The Cosmic Groove of a Family Gemstone: The Hunts Play the Norva to a Huge, Eager Crowd
The Hunts on March 10, 2018
They are an undiscovered gem. They are seven J’s that lead to an H. They are energy with music at its powerful core. They are beauty encased in the skin of a rose. They are a blend at the apex of rock and the roll. With their new release, Darlin’ Oh Darlin,’ the Hunts are in the chase again. They brought a formidable arsenal of sound to Norfolk’s Norva last night.
But, it has to be difficult. They are all family. That’s part of the beauty, but hard. They had to rent the hall for this show, a great risk they took on. They are too good to have to do that. (Perhaps, it was because it was Saturday night, but still ...)
Now at 17-25 years old (having played together most of their lives), some of the female band members have had babies of their own, which is making touring an issue. Mom’s acting as chief merch seller, publicist, and, I suspect, in other roles. However, they appeared mostly to fill the house, the merch line at the end was long, and the hall was full of enthusiasm and singalongs. While it was a young crowd, likely due to the still youthful band members being local, they have the music and lyrics to appeal to a more diverse audience.
Back to The Hunts being gemstones of the melodic. There seems to be a family cord that extends across the stage, causing musical communication and instrumental collaboration as if it’s in the shared blood. Drummer Jordan fills the raised drum stand with a rangy flair and sound, within which, as brother, Josh, said, “beats the heart of The Hunts.” Jonathan is named as “composer,” while also wielding keyboards. Jamison is a hard-core but liquid mandolin and banjo player. Josh does lead singing (and guitar) with sensitivity, warmth, and propulsion, while leading the band with soft-spoken grace. A warm, clear voice delivers substantive, literate lyrics, while band members all sing to some degree.
Both sisters, Jessi and Jenni, play acoustics (violin, viola, and banjo) and swing and sway, with distinctive vocals, different from each other as well as in contrast to the male, voices. Justin plays bass, accordion, and other instruments, then gets down with a sister in rhythmic pounding of upended stage furniture.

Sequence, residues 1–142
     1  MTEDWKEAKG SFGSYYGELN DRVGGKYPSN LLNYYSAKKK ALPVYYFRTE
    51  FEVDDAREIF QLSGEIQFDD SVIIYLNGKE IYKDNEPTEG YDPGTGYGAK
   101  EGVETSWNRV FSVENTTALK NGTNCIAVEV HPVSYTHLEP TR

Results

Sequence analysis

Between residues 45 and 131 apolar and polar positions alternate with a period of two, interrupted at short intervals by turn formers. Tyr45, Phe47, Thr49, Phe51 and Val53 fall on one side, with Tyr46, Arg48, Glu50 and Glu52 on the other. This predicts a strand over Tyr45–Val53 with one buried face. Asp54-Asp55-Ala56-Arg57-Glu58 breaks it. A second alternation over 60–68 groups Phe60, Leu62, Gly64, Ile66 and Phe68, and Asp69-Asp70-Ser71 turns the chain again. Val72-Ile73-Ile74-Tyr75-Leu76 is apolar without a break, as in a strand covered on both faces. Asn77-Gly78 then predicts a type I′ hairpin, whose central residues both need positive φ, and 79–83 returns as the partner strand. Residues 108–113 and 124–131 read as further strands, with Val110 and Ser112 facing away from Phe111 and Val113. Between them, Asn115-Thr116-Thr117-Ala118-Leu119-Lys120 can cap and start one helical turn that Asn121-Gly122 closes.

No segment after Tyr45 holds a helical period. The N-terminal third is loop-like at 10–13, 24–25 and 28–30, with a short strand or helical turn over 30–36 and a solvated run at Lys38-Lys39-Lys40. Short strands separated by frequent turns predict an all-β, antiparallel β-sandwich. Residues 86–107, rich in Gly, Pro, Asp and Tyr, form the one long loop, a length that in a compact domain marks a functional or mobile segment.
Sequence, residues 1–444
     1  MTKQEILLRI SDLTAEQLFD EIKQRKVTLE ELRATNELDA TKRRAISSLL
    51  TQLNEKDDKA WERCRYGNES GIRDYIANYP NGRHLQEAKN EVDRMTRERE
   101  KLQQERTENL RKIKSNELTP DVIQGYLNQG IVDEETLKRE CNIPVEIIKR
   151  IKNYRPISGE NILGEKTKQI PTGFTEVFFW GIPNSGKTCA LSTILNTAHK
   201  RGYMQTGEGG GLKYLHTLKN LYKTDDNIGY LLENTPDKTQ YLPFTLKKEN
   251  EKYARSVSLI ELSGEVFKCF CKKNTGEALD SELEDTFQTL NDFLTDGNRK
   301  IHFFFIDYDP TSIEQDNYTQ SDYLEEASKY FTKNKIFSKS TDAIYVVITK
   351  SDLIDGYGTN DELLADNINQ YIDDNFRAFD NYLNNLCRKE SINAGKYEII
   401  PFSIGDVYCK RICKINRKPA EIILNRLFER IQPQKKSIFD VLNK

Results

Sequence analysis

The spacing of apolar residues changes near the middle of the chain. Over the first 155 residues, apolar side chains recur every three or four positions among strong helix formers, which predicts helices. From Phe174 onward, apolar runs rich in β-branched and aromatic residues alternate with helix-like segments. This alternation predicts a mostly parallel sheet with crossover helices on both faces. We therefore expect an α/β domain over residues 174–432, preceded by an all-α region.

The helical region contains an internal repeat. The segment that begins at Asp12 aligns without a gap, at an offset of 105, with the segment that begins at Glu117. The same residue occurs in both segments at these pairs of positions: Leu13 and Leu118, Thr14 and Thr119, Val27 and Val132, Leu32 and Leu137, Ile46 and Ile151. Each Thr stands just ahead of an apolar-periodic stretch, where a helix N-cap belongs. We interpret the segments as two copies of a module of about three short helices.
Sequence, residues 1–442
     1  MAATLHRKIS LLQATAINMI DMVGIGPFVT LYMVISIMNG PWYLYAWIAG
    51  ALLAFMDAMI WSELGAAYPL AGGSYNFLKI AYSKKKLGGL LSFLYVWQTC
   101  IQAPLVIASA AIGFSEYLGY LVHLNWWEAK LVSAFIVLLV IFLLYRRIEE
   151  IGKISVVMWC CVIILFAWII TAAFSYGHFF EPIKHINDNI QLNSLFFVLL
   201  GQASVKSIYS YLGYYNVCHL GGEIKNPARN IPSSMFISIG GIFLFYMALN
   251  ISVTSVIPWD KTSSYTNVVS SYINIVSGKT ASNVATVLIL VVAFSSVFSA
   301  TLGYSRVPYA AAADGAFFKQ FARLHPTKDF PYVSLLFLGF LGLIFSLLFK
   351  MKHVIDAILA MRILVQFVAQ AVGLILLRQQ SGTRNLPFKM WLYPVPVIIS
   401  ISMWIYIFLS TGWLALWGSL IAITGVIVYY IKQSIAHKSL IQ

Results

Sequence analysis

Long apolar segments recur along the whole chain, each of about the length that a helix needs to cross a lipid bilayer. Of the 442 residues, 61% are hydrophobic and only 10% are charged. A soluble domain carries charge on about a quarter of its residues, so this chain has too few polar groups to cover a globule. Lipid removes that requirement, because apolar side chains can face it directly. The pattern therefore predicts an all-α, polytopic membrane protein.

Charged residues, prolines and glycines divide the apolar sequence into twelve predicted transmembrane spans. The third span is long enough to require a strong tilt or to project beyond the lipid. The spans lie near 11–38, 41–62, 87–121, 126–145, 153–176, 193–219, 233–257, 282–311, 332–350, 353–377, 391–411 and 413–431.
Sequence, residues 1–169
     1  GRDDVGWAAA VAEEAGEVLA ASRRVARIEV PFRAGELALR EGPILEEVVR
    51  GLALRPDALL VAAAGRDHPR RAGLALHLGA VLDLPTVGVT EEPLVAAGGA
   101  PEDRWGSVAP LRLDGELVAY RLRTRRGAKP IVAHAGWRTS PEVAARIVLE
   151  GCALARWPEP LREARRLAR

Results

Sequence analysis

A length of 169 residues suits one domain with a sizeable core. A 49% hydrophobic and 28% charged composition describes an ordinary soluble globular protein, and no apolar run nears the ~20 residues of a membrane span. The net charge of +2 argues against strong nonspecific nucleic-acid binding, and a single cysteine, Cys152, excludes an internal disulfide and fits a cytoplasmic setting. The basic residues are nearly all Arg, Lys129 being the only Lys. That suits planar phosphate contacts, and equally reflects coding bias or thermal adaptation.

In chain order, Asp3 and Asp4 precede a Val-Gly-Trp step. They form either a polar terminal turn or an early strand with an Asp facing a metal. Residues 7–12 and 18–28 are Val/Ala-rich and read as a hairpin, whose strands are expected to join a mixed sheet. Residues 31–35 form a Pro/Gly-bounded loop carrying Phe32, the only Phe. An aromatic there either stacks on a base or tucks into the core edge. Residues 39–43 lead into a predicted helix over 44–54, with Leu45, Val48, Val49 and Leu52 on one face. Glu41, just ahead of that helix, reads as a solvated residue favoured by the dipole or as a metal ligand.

One shortcoming, to my ear, is some refrains and melodic chants repeating themselves too often, leading to sameness at times.
As I see it, the new record takes steps toward greater diversity. “Flowers and Jars” slowly and deliberately charts a narrative of personal emotion in a distinctive and engrossing way. And as always, the Hunts chart sound in ways I find distinctive and endearing. On stage, they take a wagon train of performance from pensive moments of discovery to rocking-out, resounding contextualization of the joyful and rhythmically driven.
And, the band’s lyrics deserve note, like these exceptional ones from “Ages,” which sound as if they are from older voices: And we fought with the devil all through the night/But when did we get so old/We’d search for ages/and the angel came with a holy light but when did we get so old/We’d search for ages/and the lame they danced and the dumb ones/sang but when did we get so old/and the blind they saw the light of day our feet/on the pavement growing old. (This song perhaps also reflects the group’s grounding in music of faith.)
And, another winning verse, this from “Lifting the Seas:” Well we went down/followed your rhythms/down to your doorpost/I asked for your company/Well we went up/up to the water/where I heard you laughing/And I saw the strangest thing/I saw waves lifting the sea/waving at you/but they don’t see me.
Originally, the group, from Chesapeake, Virginia, was The Hunt Family Fiddlers, and The Hunts sometimes still play with mom and dad, Sandy and Clint. I hope this was the last time the seven J’s – Jessi, Jenni, Josh, Jonathan, Jordan, Justin, and Jamison Hunt – will pay their own freight to provide a sound that is unique and fresh, that has a cosmic groove that keeps an ongoing, delicious fit and flavor.